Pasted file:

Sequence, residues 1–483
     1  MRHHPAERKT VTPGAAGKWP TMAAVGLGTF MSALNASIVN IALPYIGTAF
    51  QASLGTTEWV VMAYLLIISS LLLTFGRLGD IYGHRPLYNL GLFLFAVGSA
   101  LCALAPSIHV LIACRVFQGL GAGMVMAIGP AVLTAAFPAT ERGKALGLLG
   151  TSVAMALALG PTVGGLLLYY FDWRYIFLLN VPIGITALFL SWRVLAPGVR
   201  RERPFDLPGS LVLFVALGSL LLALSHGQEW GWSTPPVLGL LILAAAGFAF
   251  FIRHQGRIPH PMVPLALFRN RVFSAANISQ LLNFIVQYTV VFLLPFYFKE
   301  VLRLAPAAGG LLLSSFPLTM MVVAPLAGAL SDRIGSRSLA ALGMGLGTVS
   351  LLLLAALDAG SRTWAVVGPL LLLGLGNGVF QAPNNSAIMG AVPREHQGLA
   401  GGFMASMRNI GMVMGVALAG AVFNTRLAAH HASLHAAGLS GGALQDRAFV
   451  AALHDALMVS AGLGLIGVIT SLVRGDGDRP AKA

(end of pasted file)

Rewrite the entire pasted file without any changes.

Sequence, residues 1–483
     1  MRHHPAERKT VTPGAAGKWP TMAAVGLGTF MSALNASIVN IALPYIGTAF
    51  QASLGTTEWV VMAYLLIISS LLLTFGRLGD IYGHRPLYNL GLFLFAVGSA
   101  LCALAPSIHV LIACRVFQGL GAGMVMAIGP AVLTAAFPAT ERGKALGLLG
   151  TSVAMALALG PTVGGLLLYY FDWRYIFLLN VPIGITALFL SWRVLAPGVR
   201  RERPFDLPGS LVLFVALGSL LLALSHGQEW GWSTPPVLGL LILAAAGFAF
   251  FIRHQGRIPH PMVPLALFRN RVFSAANISQ LLNFIVQYTV VFLLPFYFKE
   301  VLRLAPAAGG LLLSSFPLTM MVVAPLAGAL SDRIGSRSLA ALGMGLGTVS
   351  LLLLAALDAG SRTWAVVGPL LLLGLGNGVF QAPNNSAIMG AVPREHQGLA
   401  GGFMASMRNI GMVMGVALAG AVFNTRLAAH HASLHAAGLS GGALQDRAFV
   451  AALHDALMVS AGLGLIGVIT SLVRGDGDRP AKA